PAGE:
The action is all glossed over in the wrong way, too. If you wanted the nonchalant corporate stuff to act as a shell for the supernatural, then it might have been better to have Tori and Sal eating lunch in their cubicles while talking people through blood sacrifices and banishings on headsets and gab with each other. There you can explore Tori’s crush on her gay co-worker and their relationship. Otherwise that line about Sal is out of place and jarring. Don’t bring Robin to the office. In fact, if Robin says ‘no’ to the FBC, then what? They let a demon eat people alive? Problem is identified and it’s just a matter of fact run-down of how it gets solved. Easy peasy. There’s no conflict. Put Robin back in the office building facing down her ex-boyfriend and banishing the bastard to hell. Then the hotline workers take another call.

There’s a lot of terminology but the rules and hierarchy of this magic world just aren’t explained very well. The premise is interesting but the POV is far removed from the actual action. You tried to have it both ways and it would have been more successful if you either focused on Tori or Robin separately rather than having them meet in person and going through all the bureaucracy.

No Shirt? No Shoes? A Gun Will Do.

You had me until Jake and Troy get into it. Two dopes in luchador masks robbing drug runners is a fine start. However, if they’ve done 17 robberies I don’t think they would have fallen for whatever is going on here.

There’s setup that Jake was abused by his dad at the beginning. I think Troy is just a stand-in for Jake’s actual father and he’s taking it out on Troy. That’s fine even if the guy in a luchador mask with a gun is cussing him out for letting his son be in a gang that passes notes. Here’s where it starts veering into parody. WE COOL

What is even going on with this? Street boss meets Troy in the alley and they make a deal to keep his kid off the streets. OK. Then he writes a note and gives it to Troy. Is it like a hall pass? Troy gets confronted by some corner boys and he pulls out the note saying WE COOL and they back off? Or is Troy’s son supposed to pin it to his chest like a scarlet letter and those bad gangbangers will stay away? It’s just absurd.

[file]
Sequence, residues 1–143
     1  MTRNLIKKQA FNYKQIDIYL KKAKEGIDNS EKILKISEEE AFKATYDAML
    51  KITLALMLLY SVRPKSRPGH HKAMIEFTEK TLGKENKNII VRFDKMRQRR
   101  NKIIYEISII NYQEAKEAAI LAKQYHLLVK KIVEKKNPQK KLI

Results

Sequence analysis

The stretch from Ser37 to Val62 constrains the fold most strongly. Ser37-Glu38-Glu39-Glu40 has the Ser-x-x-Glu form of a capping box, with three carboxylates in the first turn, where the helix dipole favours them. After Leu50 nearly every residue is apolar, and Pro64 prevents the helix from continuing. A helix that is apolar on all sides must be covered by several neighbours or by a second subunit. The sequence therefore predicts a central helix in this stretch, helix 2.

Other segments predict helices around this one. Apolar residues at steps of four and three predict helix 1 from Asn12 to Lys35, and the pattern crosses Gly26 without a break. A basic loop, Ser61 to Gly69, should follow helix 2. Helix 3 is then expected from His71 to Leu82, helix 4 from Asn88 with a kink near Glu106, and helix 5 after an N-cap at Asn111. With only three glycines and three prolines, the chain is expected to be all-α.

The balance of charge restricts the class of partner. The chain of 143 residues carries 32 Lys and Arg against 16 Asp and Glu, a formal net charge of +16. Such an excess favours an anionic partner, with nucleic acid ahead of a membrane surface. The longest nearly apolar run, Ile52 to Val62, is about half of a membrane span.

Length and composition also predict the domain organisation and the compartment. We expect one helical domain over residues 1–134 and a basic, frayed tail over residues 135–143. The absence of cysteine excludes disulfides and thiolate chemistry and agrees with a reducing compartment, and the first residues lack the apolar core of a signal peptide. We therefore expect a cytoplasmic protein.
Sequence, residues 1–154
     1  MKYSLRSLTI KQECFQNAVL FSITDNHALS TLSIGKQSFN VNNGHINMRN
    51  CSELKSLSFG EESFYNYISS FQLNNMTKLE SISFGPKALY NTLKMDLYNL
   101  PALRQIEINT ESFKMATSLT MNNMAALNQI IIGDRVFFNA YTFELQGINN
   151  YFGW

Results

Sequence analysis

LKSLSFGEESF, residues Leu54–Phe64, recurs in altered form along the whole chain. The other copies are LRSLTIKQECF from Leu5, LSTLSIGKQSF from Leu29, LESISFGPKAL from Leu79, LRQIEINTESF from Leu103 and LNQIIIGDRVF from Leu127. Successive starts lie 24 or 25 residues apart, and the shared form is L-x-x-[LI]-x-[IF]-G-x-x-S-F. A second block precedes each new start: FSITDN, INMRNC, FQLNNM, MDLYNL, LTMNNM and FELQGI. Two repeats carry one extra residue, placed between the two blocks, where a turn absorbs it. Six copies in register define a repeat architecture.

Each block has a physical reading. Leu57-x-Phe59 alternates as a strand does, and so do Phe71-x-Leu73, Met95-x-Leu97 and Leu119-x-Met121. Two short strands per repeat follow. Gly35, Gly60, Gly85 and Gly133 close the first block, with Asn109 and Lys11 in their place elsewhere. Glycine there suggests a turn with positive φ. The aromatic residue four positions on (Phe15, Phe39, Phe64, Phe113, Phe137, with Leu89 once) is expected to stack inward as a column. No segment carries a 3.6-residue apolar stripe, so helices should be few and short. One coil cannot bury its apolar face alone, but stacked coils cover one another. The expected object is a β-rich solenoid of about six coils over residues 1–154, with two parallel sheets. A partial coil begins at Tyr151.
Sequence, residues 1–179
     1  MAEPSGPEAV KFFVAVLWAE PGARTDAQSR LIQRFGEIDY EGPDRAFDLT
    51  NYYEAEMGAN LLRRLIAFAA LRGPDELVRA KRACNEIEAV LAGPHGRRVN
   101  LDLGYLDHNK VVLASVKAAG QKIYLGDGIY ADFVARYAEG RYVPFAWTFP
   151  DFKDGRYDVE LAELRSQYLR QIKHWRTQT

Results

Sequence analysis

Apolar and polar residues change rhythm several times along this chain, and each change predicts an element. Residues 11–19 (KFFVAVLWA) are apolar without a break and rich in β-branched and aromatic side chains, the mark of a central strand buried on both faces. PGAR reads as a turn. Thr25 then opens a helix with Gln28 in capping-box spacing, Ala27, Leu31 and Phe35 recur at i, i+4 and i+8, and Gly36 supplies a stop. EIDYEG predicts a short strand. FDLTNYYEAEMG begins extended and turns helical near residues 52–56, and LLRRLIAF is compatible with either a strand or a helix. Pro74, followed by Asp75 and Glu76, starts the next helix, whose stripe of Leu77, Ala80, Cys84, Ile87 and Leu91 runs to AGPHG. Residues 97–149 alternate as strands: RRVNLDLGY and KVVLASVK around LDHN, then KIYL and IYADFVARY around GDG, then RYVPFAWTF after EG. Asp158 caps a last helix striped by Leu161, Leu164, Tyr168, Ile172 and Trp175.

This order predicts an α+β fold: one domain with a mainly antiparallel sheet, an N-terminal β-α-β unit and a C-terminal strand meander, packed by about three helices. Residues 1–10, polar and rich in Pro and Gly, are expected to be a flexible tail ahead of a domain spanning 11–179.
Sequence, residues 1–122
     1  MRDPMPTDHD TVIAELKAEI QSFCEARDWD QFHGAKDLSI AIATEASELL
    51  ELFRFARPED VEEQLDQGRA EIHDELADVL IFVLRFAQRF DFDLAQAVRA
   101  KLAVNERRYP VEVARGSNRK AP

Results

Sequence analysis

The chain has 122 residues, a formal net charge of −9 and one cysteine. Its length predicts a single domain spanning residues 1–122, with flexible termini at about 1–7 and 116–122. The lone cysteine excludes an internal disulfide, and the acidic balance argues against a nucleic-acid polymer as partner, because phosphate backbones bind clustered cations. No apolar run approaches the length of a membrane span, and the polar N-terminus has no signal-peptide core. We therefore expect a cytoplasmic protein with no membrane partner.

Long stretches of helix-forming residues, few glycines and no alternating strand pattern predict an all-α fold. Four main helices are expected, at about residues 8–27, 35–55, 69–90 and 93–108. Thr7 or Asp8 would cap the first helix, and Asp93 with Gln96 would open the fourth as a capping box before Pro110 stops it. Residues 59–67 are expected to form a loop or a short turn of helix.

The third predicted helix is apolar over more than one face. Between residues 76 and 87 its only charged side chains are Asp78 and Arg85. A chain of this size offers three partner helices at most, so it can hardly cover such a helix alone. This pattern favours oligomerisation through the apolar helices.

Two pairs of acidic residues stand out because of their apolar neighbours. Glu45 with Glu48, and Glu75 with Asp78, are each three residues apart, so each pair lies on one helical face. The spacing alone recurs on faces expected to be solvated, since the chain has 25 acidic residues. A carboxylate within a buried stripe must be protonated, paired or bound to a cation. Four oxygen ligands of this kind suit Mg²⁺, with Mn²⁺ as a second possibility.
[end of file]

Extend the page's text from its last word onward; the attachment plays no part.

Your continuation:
They won’t rob the manager where he does drug deals in the alley, it’s safer and less visible creating a hostage situation inside? It seems like Jake has an ulterior motive, but if Jake set this up and Michael was an unwitting accomplice in Jake robbing his own father, it’s not spelled out clearly.

Troy tries to fix his mistakes and Jake still gets furious about it. The outbursts are out of order. Jake needs to flip out then Troy reveal he tried to fix things. Jake takes his mask off and confronts father (or father proxy) face to face before claiming that the sins of the father are just too great.

While the single tear running down a cheek is almost always laughable you might have had Michael well up and plead with Jake while training a gun on him. Jake gets shot in the chest. Troy pulls up Jake’s mask and goes, “Son?” I mean it’s still corny but at least there’s a little pathos there. There’s no way I buy Michael shooting his partner over some nobody after 17 robberies and years of friendship.

But really the duo are grown men and scumbag robbers. It’s hypocritical for getting angry at Troy (who actually has the only character development). That can be interesting. You dangled a little bit with the daddy issues, but never had Jake have a realization. The reasonable one, Michael, pleads for sanity then actually guns down his bestie. Or you flip the ending. Michael tackles Jake and Jake shoots him so he can have a “What have I done” moment.